From Panel to Platform: The Catalyst
Editor's note: This story is the final installment of a three-part series covering the formation, evolution and influence of the Operation Smile International Student Leadership Conference (ISLC) cleft panel.
When she left ISLC 2017 in Rome, Flo Pun felt inspired by her newfound community – and obligated to advocate for those still in need of medical care to repair their untreated cleft conditions.
“I was like, ‘I can’t just not do anything anymore,’” said Flo, who attended a 2019 Operation Smile medical mission in Guadalajara, Mexico. “There are so many people out there in the world who have this medical condition, and there are so many people who are not as fortunate as me.”
To date, the Flo has undergone seven surgeries to correct her unilateral cleft lip and cleft palate.
Then, the question became how: How could she promote her anti-bullying platform and raise awareness for Operation Smile today?
In this age of social media, Flo said that she needed to connect with people of huge influence to help amplify her message.
To put her plan in motion, she reached out to her congressional representatives and pitched her work to their staff. The next person on her list? The mayor of San Francisco.
Flo wanted to start a support group in San Francisco for people who were born with cleft conditions so they could receive the same gifts that ISLC gave her: a community and confidence.
“Coming to ISLC, it was absolutely life-changing,” Flo said. “I felt from this experience, like meeting these people, having lunch with these people, going through this panel with them together as a team, I felt more confident about myself.”
A strong community, a boost in confidence, a good cause: The formula inspired other members of the panel to take even more action for Operation Smile.
“I believe the members of the cleft panel are our ISLC heroes,” said Brigette Magee Clifford, the co-founder of Student Programs and the daughter of Operation Smile Co-Founders Dr. Bill Magee and Kathy Magee. “They can teach us more than we could ever teach them.”
Mara Dempsey of Virginia has not just participated in all three panels, but she attended Operation Smile's 2018 medical mission to Durgapur, India.
Working with the youngest patients at the mission site, Mara taught them health care basics from nutrition and burn care to hand-washing and oral hygiene.
In addition to all of the stickers, toys and posters she packed into her checked bag, Mara brought another special item: a baby photo of herself before she received surgery for her cleft lip.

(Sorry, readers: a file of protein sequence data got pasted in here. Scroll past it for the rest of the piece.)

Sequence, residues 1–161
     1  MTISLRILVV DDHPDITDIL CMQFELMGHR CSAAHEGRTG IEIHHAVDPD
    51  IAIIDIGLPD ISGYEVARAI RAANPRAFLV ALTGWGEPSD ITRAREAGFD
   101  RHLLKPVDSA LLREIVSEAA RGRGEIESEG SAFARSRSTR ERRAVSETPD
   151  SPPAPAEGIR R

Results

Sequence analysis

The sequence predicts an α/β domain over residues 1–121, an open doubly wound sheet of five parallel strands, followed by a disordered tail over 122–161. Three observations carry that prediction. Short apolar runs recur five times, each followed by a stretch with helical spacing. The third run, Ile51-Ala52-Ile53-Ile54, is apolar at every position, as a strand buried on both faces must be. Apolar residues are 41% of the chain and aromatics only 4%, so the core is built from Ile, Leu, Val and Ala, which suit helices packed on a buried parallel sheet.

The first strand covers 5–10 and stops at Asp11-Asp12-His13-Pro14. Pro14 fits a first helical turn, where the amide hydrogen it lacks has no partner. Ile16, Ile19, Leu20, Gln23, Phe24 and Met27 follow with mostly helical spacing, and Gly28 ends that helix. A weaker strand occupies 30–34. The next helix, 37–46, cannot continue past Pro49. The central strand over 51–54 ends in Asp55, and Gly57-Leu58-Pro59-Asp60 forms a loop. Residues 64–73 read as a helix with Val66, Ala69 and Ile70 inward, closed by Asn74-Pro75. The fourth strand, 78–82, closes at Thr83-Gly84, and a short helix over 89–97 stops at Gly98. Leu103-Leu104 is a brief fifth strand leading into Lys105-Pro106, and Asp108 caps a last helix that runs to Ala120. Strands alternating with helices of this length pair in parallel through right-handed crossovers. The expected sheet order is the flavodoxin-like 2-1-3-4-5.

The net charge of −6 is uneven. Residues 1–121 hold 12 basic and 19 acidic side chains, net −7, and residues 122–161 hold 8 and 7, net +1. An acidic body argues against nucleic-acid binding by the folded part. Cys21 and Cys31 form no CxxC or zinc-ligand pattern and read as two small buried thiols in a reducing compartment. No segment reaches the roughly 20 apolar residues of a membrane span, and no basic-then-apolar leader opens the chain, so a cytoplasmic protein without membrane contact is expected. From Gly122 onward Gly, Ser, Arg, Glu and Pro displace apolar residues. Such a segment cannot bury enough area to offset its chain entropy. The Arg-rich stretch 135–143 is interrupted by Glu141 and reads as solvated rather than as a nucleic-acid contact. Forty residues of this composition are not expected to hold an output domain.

During the 2018 mission, Mara sat next to a mother cradling her sleeping 16-month-old daughter who was scheduled to receive care for her unilateral cleft lip. Wanting to help ease the mother’s worry, Mara pulled out her smartphone and showed the mother her baby photo.
As the mother looked between the photo and the scar on Mara’s lip, hope for her daughter began to grow.
“It would give them peace of mind that I also had a cleft. Looking back at pictures from my mission, my eyes tear up,” Mara said. “You really bond and connect with the patients. I’m so fortunate that I have this connection with what Operation Smile does, and I love engaging with what they do.
“I know I have a community, like a support community. People care, people know about the condition I was born with, and I feel that’s very important.”
The Operation Smile ISLC cleft panels don’t solely educate audience members. They empower them to be better advocates for children born with cleft conditions and to do more for Operation Smile.
“I’ve never experienced having a cleft, but Operation Smile has given me the chance to understand and help,” said Lisanne Cosgrove of Ireland.
Student volunteers like Lisanne often bring home the lessons they learned during the panel in order to make a difference in their schools and communities by working to carry out fundraisers and awareness events to support Operation Smile and the work the organization achieves around the world.
“I want to be a voice for change, and Operation Smile is helping me achieve that goal,” Mara said.
“I feel brave when I tell my story. It’s a sensitive topic for me, and I feel vulnerable. I hope my story empowers those who hear it.”